In detail

Vaccines for children

Vaccines for children

European Vaccine Week is an initiative in the WHO European Region, led and coordinated by the WHO regional office. It has the support of a number of partners, including UNICEF and ECDC - European Center for Disease Prevention and Control.

European Vaccine Week is an initiative in the WHO European Region, led and coordinated by the WHO regional office. It has the support of a number of partners, including UNICEF and ECDC - European Center for Disease Prevention and Control.
Although a sharp drop in vaccine-preventable diseases has made many of the contagious diseases a thing of the past for many people in the European region, these diseases continue to cause disabilities and even deaths. More than half a million children in the European region do not receive the basic vaccines.
All countries have groups of unvaccinated, vulnerable or difficult to locate and epidemics of infectious diseases still occur.

Vaccination saves lives
The more people are vaccinated, the more lives are saved. Vaccination saves the lives of over 3 million people worldwide each year and prevents illnesses and disabilities of several million others.
The introduction of a new vaccine leads to a dramatic decrease in the number of infected persons. When the vaccination rate drops, the diseases reappear.
Vaccination is a basic right, but not accessible to everyone
In recent decades, the world has witnessed many improvements in health, but the benefits are unevenly distributed throughout the world and in the WHO European Region.

  • for example, the estimated number of annual deaths per 100,000 children under the age of 5 is 7844 in the Central Asian and Kazakh Republics and 646 in the European Region.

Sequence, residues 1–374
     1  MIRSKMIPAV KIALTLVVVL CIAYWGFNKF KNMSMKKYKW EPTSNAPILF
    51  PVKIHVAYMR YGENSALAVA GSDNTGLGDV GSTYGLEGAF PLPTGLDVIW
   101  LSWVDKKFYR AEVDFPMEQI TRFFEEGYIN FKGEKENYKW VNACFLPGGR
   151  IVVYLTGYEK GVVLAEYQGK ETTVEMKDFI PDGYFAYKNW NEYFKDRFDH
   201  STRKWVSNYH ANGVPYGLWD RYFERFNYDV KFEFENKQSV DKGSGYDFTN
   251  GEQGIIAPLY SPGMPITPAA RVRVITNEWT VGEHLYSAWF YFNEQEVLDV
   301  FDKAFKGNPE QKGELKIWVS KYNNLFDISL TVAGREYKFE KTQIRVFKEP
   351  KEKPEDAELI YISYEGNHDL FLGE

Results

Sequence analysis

• In each country, there are small groups that do not benefit from vaccination and continue to be susceptible to disease. For example, in measles epidemics from 2006-2007 in Albania, Greece, Italy, Romania and Serbia, the vast majority of cases came from the middle of the Roma and from the migratory groups.
    Outbreaks are a serious threat
    Due to effective vaccination programs, most people in industrialized countries have not witnessed disease outbreaks that can be prevented by vaccination and many assume that they are no longer a threat.
    Recently, countries in the European Region have had to deal with massive epidemics, especially measles. These epidemics continue to spread in the Region, causing thousands of cases and leading to deaths among children and adults.
    This re-emergence of diseases that were under control or had been eliminated in the Region is a permanent concern. The WHO European region was declared a polio-free zone in 202 and efforts are being made to achieve this success.
    The Commission that monitors the status of polio in the Region has expressed concern about the increased risk of import of polio into Europe.
    Infectious diseases still kill
    Although the WHO European Region has the lowest incidence rate of vaccine-preventable diseases, they continue to produce approximately 32,000 preventable deaths among children under 5 years old each year.
    Prior to the introduction of routine vaccination in childhood, infectious diseases were the leading cause of child deaths and outbreaks were common.